Travel

Travel Before The Panama Canal : Panama Canal Time Lapse – Full Transit Travel From the Pacific Ocean to the Atlantic

Travel Before The Panama Canal Video

Travel Before The Panama Canal

Panama Canal Time Lapse – Full Transit Travel From the Pacific Ocean to the Atlantic

Panama Canal Time Lapse - Full Transit Travel From the Pacific Ocean to the Atlantic

Here’s a cool GoPro time lapse of our boat traveling through all 6 lock chambers of the Panama Canal (Miraflores Locks x2, Pedro Miguel Lock and Gatun Locks x3) from the Pacific Ocean, up 85 feet to Lake Gatun, then down 85 feet to the Atlantic Ocean. An amazing engineering marvel that will be 100 years old next year. — Enjoy

See more from our Trans-Americas Journey – www.trans-americas.com/blog

The Panama Canal (Spanish: Canal de Panamá) is a 48-mile (77.1 km) ship canal in Panama that connects the Atlantic Ocean (via the Caribbean Sea) to the Pacific Ocean. The canal cuts across the Isthmus of Panama and is a key conduit for international maritime trade. There are locks at each end to lift ships up to Gatun Lake (85 feet (26 m) above sea-level). President Obama visited Miraflores Locks visitors center

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17 Comments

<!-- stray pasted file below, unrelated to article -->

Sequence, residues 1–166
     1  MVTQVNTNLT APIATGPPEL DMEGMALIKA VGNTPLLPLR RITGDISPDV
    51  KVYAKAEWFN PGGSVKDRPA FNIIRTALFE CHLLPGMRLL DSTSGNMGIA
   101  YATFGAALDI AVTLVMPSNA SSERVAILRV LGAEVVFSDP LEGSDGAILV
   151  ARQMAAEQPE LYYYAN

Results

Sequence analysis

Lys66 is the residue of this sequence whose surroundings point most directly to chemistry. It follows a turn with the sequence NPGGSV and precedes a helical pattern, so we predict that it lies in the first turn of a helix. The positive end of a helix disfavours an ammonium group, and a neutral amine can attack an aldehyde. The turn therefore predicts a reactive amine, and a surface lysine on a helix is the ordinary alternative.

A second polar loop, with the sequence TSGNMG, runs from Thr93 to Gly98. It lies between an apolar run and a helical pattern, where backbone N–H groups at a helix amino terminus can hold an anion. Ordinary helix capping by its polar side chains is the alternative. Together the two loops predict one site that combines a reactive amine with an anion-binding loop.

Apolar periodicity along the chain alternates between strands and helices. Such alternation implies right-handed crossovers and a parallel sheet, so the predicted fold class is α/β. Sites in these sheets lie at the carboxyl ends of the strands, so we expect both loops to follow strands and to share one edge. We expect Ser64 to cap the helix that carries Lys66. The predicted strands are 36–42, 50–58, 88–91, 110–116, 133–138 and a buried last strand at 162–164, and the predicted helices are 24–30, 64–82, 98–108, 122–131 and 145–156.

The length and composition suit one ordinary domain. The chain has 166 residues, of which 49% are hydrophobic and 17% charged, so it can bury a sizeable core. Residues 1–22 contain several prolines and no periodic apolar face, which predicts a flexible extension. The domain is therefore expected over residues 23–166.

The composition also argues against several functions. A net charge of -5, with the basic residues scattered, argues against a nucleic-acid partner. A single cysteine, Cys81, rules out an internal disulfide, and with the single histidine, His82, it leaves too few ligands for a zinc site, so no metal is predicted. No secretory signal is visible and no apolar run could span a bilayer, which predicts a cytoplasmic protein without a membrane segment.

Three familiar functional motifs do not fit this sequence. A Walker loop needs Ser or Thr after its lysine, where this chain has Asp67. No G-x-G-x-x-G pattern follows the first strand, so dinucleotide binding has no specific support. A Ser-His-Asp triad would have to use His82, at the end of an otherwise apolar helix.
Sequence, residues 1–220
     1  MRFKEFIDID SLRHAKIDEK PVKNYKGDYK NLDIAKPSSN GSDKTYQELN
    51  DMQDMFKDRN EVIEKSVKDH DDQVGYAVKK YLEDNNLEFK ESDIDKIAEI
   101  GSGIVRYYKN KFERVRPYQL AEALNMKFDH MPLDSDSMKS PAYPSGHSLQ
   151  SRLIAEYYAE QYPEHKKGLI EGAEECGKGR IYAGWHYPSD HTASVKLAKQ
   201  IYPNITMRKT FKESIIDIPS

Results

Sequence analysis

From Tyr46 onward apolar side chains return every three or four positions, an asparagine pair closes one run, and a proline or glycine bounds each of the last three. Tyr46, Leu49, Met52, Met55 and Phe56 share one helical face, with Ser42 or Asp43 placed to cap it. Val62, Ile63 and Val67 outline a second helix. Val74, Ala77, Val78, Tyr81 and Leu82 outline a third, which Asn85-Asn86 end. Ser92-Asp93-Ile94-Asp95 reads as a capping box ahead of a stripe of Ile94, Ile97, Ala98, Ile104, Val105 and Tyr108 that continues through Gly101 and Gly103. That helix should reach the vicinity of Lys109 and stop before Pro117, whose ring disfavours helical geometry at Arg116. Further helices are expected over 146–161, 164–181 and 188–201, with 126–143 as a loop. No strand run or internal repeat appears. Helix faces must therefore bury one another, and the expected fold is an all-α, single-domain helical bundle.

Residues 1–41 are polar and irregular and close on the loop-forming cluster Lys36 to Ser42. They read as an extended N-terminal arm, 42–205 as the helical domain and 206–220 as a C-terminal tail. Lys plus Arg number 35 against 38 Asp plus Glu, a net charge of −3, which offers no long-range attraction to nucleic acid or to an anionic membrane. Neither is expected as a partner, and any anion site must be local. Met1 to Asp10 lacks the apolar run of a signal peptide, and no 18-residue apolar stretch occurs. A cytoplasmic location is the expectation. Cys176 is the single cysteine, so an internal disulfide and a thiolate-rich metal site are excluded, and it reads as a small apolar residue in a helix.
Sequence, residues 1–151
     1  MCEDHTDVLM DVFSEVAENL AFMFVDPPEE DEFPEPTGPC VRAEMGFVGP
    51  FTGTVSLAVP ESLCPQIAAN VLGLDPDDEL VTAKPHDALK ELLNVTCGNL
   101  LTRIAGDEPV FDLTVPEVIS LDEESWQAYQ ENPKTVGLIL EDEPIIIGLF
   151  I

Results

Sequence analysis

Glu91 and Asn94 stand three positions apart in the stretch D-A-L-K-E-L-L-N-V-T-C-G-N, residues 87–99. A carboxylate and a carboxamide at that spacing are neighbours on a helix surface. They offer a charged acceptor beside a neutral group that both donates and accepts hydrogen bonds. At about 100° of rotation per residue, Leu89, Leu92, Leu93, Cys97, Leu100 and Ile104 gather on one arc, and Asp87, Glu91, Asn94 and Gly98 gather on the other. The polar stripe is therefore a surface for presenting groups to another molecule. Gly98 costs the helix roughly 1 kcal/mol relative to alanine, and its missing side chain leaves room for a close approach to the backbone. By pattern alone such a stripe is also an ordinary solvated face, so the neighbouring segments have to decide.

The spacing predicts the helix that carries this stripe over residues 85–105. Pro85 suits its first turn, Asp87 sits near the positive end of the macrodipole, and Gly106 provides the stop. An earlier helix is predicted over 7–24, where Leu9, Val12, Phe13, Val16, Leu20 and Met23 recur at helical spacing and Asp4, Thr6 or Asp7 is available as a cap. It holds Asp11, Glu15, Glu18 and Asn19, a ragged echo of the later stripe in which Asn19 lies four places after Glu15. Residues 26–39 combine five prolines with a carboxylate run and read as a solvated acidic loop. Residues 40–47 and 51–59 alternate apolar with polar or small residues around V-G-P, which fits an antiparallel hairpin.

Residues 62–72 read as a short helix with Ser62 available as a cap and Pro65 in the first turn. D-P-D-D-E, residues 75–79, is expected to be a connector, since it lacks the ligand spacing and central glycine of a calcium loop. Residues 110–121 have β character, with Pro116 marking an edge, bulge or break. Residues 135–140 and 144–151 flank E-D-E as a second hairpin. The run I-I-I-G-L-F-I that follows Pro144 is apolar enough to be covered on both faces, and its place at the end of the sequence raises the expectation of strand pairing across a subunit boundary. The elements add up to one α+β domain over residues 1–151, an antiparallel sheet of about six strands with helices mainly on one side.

1. The explanation was well stated and now I understand the dynamics behind the madness. I had not considered the raging of the waters between the Pacific and Atlantic Oceans and the fact it took thousands of lives in its creation.

  2. Pretty Cool video, thanks for posting this video.
    I found your YouTube channel just now by searching for "Travel Panama canal videos."
    I've got lots of Travel videos on my YouTube channel.

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    I have clicked on the magic red button for you. Please return the favor by adding me as well. Thanks.

  3. My question is why build a canal? Just clear the land wide enough to allow ships to pass without all the sophisticated dams and compartments being filled or emptied each time a ship wants to pass.

  4. The Panama Canal was a good idea in my opion. It saves a lot of time (Even tho it takes 8 hours going through the canal) And if u were to go around South America it would take 7,800 miles more than going through the canal 🙂

  5. I don't think it has changed much since we went through it in 1989, then when we were on a tour of Panama City in 1992, did a tour and visited one of the locks, and saw operation from the land.

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